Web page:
The following conditions were used to evaluate ex vivo expression of rFluc: #1 = 0, #2-1, #2-2 = 0.61 µL/mL, #3 = 1.22 µL/mL, #4 = 2.44 µL/mL. Added to each well of a 96-well plate, experiments were performed according to the following specifications: concentrations of #1 = 0, #2-1, #2-2 = 0.61 µL/mL, #3 = 1.22 µL/mL, and #4 = 2.44 µL/mL. Following addition of 100 µL of PBS to each well of a 96-well plate, the specified concentrations of rFluc were added, followed by administration of luciferin at a concentration of 21 µL/mL imaging performed at 1-second intervals for 10 seconds showed that the highest concentration, #4, began to emit light after 5 seconds (Fig. 1A and B). We examined the question of whether the luminescence of rFluc could be enhanced by addition of a custom-made IB. When IB was included under the same conditions as outlined in Fig. 1A, luminescence was observable at all concentrations starting from the first second and was sustained for up to 10 seconds (Fig. 1C and D). Based on these experimental results, the establishment of IB buffer conditions not only facilitates performance of ex vivo luminescence experiments but also offers the potential for application of these conditions in animal studies.

Fig. 1. Enhanced luminescence detection with and without an imaging buffer (IB). Time-lapse imaging of luminescence in a 96-well plate without IB, captured at one-second intervals for 10 seconds following addition of luciferase. Wells indicate increasing concentrations of rFluc: #1 = 0 (control), #2-1 and #2-2 = 0.61 µL/mL, #3 = 1.22 µL/mL, and #4 = 2.44 µL/mL (A). Quantification of luminescence as relative light units (RLU) plotted against exposure time for wells #3 and #4 from A (B). Luminescence visualization in a 96-well plate after addition of IB; images were taken at one-second intervals over 10 seconds. Well concentrations mirror those shown in A (C). RLU quantification corresponding to Fig. 1C, demonstrating an amplified luminescence signal with the addition of IB across all concentrations (D).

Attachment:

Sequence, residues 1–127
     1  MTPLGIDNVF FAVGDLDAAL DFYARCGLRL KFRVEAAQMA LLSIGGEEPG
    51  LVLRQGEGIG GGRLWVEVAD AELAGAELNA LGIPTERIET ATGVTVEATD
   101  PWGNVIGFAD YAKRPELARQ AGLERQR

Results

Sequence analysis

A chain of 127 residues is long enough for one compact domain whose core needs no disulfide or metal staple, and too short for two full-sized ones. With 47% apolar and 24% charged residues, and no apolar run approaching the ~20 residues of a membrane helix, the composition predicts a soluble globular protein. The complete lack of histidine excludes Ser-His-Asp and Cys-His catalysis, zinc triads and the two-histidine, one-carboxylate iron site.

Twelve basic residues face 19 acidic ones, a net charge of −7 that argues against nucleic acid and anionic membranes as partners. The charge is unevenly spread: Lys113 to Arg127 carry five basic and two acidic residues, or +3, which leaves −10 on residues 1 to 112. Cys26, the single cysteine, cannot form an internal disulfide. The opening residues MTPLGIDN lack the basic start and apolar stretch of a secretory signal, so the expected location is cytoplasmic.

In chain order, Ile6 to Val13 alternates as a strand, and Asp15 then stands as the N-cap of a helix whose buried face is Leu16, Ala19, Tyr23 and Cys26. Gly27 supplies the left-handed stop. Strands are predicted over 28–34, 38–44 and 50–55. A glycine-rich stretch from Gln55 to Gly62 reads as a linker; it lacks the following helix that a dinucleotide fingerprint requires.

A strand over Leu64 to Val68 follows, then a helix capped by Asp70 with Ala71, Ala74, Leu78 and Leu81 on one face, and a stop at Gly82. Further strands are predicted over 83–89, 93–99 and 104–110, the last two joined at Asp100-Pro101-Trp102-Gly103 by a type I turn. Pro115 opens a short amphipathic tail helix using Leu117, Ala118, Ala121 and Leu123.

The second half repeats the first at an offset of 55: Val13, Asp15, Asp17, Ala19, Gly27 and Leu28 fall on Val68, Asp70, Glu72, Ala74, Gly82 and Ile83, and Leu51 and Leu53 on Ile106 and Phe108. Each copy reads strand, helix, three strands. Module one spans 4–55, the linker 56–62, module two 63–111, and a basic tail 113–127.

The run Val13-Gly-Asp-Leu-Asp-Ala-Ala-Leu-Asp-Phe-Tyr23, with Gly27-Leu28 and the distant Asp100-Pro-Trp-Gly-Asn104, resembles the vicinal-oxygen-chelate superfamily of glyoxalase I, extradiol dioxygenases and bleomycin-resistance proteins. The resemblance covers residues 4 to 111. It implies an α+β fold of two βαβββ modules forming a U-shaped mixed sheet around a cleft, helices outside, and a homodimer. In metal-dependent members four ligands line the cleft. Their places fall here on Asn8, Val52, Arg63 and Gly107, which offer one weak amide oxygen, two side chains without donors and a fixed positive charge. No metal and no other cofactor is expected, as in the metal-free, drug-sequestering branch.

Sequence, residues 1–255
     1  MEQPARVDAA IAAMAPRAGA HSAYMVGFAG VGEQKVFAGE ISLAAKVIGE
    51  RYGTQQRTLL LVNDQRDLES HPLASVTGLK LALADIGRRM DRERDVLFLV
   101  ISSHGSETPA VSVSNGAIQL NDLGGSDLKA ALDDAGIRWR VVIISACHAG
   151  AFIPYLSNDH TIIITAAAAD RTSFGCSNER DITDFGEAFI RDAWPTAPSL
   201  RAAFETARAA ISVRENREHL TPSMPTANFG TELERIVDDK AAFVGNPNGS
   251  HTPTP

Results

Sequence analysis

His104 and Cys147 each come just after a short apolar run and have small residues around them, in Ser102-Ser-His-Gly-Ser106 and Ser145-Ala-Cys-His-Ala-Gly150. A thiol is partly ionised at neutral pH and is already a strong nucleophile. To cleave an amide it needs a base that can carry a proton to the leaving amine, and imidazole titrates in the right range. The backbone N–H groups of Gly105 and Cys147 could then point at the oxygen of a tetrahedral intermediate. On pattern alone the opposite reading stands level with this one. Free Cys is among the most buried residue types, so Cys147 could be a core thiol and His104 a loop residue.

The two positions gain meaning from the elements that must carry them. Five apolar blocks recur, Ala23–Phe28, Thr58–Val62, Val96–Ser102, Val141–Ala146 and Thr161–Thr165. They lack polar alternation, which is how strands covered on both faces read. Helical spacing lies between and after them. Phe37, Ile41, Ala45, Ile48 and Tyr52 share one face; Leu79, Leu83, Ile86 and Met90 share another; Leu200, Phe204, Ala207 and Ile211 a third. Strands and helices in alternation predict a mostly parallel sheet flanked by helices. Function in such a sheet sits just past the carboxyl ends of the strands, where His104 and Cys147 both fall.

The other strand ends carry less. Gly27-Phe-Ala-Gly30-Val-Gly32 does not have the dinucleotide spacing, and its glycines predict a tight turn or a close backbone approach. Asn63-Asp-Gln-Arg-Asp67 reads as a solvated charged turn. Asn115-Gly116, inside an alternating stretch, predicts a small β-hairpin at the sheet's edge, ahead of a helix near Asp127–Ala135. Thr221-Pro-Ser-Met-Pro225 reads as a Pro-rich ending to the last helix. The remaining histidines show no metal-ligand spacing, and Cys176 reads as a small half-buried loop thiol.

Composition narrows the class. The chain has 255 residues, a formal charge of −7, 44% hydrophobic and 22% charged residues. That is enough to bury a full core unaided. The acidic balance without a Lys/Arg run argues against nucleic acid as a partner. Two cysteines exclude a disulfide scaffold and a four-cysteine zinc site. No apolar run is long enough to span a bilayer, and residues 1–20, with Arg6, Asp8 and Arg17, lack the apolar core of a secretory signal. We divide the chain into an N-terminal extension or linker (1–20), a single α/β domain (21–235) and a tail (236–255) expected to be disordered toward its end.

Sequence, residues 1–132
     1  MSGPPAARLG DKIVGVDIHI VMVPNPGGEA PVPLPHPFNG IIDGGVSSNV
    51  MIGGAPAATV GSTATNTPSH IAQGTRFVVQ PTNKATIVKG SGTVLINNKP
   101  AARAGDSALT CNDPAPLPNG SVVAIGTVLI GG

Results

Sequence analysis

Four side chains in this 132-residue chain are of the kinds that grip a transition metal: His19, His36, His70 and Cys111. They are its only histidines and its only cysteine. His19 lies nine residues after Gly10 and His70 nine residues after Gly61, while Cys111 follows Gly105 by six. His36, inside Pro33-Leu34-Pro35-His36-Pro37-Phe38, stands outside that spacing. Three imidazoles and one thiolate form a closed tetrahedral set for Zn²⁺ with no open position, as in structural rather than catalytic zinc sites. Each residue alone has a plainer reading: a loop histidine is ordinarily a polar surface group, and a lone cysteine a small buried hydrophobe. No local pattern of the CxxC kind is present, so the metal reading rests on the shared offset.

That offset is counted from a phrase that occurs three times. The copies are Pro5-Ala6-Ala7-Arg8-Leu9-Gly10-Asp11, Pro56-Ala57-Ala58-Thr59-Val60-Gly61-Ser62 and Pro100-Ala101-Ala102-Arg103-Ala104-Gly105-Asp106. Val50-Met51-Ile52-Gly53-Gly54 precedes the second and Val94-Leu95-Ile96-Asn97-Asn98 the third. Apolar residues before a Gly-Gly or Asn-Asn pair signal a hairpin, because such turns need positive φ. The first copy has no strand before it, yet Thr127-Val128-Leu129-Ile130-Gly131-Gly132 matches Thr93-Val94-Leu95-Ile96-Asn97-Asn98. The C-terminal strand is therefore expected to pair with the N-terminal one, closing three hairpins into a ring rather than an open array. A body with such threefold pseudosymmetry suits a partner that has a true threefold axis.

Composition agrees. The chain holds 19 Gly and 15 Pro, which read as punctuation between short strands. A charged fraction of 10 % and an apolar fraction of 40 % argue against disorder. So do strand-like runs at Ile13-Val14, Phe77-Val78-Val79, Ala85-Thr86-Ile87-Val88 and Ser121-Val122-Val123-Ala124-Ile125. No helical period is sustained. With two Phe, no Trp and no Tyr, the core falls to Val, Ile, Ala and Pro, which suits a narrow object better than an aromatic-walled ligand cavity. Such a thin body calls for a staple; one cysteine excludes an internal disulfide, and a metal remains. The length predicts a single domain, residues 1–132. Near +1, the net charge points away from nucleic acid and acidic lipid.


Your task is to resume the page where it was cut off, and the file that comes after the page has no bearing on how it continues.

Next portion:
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Rapid expression of rFluc in small animals in vivo facilitated by the imaging buffer

To confirm the luminescence of rFluc in live rats, a reaction time is required prior to administration of luciferin to ensure expression within the body. Before entry of protein into the cell, minimal necessary components including ATP must be supplied to initiate activity within a short time outside the cells [3-6]. Using the established IB shown in Fig. 1, luminescence was observable within 1 hour after administration (Fig. 2A). In 6-week-old female SD rats, varying concentrations of rFluc (0, 12.5, 25, 50, 100, 200, 400, 800, 1,600, and 3,200 ng with the addition of 0.125 mg/mL FCF dye) were mixed with the custom-made IB to a total volume of 50 µL, followed by incubation at 37 degrees Celsius for 30 minutes and then intradermal administration into the peritoneal cavity. Imaging performed in fast mode with a 5-minute exposure time showed that the luminescence of rFluc increased in a concentration-dependent manner (Fig. 2A and B).

Fig. 2. Dose-dependent rFluc luminescence in vivo. in vivo bioluminescence imaging (BLI) of a rat following intradermal (ID) injection of varying doses of rFluc. Ten distinct ID injection sites are illustrated, with the administered doses ranging from 0 ng to 3,200 ng of rFluc (A). Graph showing the luciferase activity measured as RLU corresponding to the rFluc doses injected at each site shown in Fig. 1A (B).
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Expression conditions for rFluc in large animal skin tissues